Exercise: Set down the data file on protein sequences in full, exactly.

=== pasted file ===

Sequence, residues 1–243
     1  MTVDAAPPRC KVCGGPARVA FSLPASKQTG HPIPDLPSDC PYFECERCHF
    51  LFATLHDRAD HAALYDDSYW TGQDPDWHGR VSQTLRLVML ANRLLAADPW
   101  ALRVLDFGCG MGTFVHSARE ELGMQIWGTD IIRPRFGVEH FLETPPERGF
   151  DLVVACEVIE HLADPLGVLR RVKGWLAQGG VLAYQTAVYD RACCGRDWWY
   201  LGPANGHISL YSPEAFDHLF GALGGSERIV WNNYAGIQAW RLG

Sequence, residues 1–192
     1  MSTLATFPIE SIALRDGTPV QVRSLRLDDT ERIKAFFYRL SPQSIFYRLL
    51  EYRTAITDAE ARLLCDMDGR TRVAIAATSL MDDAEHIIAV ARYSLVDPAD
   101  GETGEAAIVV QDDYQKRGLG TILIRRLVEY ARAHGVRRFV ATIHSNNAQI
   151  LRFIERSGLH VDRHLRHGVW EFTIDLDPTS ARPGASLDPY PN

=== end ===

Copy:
Sequence, residues 1–243
     1  MTVDAAPPRC KVCGGPARVA FSLPASKQTG HPIPDLPSDC PYFECERCHF
    51  LFATLHDRAD HAALYDDSYW TGQDPDWHGR VSQTLRLVML ANRLLAADPW
   101  ALRVLDFGCG MGTFVHSARE ELGMQIWGTD IIRPRFGVEH FLETPPERGF
   151  DLVVACEVIE HLADPLGVLR RVKGWLAQGG VLAYQTAVYD RACCGRDWWY
   201  LGPANGHISL YSPEAFDHLF GALGGSERIV WNNYAGIQAW RLG

Sequence, residues 1–192
     1  MSTLATFPIE SIALRDGTPV QVRSLRLDDT ERIKAFFYRL SPQSIFYRLL
    51  EYRTAITDAE ARLLCDMDGR TRVAIAATSL MDDAEHIIAV ARYSLVDPAD
   101  GETGEAAIVV QDDYQKRGLG TILIRRLVEY ARAHGVRRFV ATIHSNNAQI
   151  LRFIERSGLH VDRHLRHGVW EFTIDLDPTS ARPGASLDPY PN